The Athlete Architect technical team dismantled competing products already in the marketplace to determine how they could push Gazelle even further than those. Ultimately, it decided to push way beyond the current consumer protocols and instead aimed to create a portable device that could mimic a sophisticated gait lab like the one at the University of Colorado. It is also developing a power meter for the Gazelle system (believed to be the first portable/non-laboratory power meter for running), something that could be a real game-changer for runners.

“With a power meter added into our system, a runner can know exactly how much power they’re producing. And combined with the stride and gait information, that’s when you can really figure out how efficient you are during a run,” says Gus Pernetz, sports business engagement director for Athlete Architect. “You can change your behavior while you’re running to become more efficient, just as you would if you were reading a power meter while you’re cycling.”

One of the initial goals for Gazelle was to be able to create a system that would be comparable to a 3-D motion tracker in a laboratory setting, says Wyatt Mohrman, one of the lead engineers behind the development of Gazelle.

“We started with running first because there are a lot of interesting results you can get from tracking a runner. And what you can see from the data is that every runner is completely different,” Mohrman says. “But once we get additional data from runners, we’ll be able to compare runners who are more similar than others—for example by the same height and weight or the same pace or cadence. We want to have a big community of runners so you can look at yourself with a more refined group of runners who are like you and then also compare yourself to different runners. So if there is a community picture, runners can start to realize those things on their own and make adjustments to their own running.”

Gazelle isn’t available in stores yet. Instead, the company has seeded its tracking chips to about 30 key coaches and runners for final beta testing and feedback. (Two other runners were tracked during the Ironman Boulder.) The team at Athlete Architect believes its hardware and signal processing technology are pretty buttoned-up, but it hopes to use the feedback from those test subjects to be able to fine-tune the user interface and focus on the appropriate metrics the system tracks. (Each chip is powered by a long-life battery that is rated to last from several months to a full year under normal everyday use.)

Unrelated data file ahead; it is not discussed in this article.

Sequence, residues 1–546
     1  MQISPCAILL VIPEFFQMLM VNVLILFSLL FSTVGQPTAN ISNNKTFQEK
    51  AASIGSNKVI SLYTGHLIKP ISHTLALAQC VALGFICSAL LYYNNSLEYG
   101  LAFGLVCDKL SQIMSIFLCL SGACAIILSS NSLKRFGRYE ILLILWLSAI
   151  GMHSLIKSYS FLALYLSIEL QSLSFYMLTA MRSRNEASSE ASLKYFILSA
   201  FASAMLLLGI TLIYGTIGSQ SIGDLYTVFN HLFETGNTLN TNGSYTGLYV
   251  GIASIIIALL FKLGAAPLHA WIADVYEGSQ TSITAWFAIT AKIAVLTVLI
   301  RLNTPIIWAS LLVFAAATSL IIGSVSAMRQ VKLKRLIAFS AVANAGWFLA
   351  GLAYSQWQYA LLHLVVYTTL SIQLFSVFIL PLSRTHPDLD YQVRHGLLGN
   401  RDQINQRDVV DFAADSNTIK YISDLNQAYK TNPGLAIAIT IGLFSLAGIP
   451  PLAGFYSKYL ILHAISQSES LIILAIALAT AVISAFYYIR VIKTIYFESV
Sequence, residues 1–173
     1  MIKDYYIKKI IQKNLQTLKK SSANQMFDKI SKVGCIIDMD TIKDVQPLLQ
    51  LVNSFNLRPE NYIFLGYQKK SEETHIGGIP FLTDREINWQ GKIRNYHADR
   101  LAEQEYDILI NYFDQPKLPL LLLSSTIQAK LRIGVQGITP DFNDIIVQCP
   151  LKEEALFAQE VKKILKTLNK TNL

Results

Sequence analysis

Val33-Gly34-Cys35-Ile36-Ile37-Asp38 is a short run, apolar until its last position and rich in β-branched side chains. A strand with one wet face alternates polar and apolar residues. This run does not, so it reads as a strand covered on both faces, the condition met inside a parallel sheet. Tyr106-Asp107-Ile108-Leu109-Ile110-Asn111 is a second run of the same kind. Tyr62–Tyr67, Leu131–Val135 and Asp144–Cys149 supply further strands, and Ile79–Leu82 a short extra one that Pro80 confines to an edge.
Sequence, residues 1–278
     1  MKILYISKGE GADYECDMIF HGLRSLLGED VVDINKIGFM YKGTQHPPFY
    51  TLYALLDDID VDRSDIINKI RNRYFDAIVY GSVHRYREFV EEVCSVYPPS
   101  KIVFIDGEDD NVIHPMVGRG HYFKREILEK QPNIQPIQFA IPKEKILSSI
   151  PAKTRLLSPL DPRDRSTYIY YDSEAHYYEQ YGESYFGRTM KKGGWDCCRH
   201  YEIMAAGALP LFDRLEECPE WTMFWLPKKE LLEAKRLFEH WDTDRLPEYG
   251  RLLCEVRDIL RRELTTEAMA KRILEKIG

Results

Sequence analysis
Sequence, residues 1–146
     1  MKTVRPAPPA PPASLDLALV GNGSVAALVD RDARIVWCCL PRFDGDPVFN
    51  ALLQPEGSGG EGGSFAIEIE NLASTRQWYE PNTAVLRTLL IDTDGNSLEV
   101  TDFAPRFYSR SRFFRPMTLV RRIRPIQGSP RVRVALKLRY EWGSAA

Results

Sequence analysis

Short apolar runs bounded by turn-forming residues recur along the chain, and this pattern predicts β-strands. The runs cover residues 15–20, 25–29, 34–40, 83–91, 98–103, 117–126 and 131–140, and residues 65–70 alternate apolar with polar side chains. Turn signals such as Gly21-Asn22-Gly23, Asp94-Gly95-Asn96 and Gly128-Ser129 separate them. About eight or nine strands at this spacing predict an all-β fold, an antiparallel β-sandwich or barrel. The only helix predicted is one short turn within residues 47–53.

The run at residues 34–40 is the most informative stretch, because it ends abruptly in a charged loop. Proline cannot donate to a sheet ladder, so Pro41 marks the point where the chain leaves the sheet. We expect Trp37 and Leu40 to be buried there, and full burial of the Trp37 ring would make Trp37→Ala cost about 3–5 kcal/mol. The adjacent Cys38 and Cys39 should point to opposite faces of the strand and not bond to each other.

From there, the brand intends to launch a KickStarter campaign to raise money in order to commercialize the product. It already has a production system set up, so it probably won’t be too long before runners can buy it.

Shang is quick to point out that technology, in general, has limitations, including the Gazelle system. While the information tracked on the system will provide useful insights to help a runner improve performance and efficiency, it won’t remove the need for coaching input or the runner’s physical and mental effort while running. If anything, it will enhance those functions, Shang says.

There are dozens of possibilities in which the Gazelle system could be useful. For example, a coach could analyze the data of a runner’s workout or race and determine where a gait flaw can be improved through strength-building exercises and form drills. It could be built into a shoe and offered as a package deal for runners. Also, a version of the product could also wind up assisting retail stores in accurately determining the gait habits of individual runners and how those habits are affected in various shoes during the try-on phase. (In other words, it could make obsolete the already very limited functionality of the basic gait analysis operations many running stores employ with video cameras and treadmills.)

“What will it mean to fully realize the potential of the technology? We have no idea,” Shang says. “We just don’t know. But the potential of the technology cannot be realized only by engineers. We can put other sensors on this device and track even more information, but the new discoveries can only happen by working with the experts—sports physiologists, coaches, runners, shoe manufacturers. I think what we’ve done is only about 49 percent of the job. The other 51 percent will come from them.”